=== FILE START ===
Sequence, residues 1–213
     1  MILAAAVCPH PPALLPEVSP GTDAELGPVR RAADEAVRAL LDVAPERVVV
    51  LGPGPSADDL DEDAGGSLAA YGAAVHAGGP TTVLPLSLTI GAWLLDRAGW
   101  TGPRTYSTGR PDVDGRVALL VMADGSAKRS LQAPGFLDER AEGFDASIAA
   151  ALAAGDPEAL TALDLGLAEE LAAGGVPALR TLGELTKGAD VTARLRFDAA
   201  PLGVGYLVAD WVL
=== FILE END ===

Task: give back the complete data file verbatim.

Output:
Sequence, residues 1–213
     1  MILAAAVCPH PPALLPEVSP GTDAELGPVR RAADEAVRAL LDVAPERVVV
    51  LGPGPSADDL DEDAGGSLAA YGAAVHAGGP TTVLPLSLTI GAWLLDRAGW
   101  TGPRTYSTGR PDVDGRVALL VMADGSAKRS LQAPGFLDER AEGFDASIAA
   151  ALAAGDPEAL TALDLGLAEE LAAGGVPALR TLGELTKGAD VTARLRFDAA
   201  PLGVGYLVAD WVL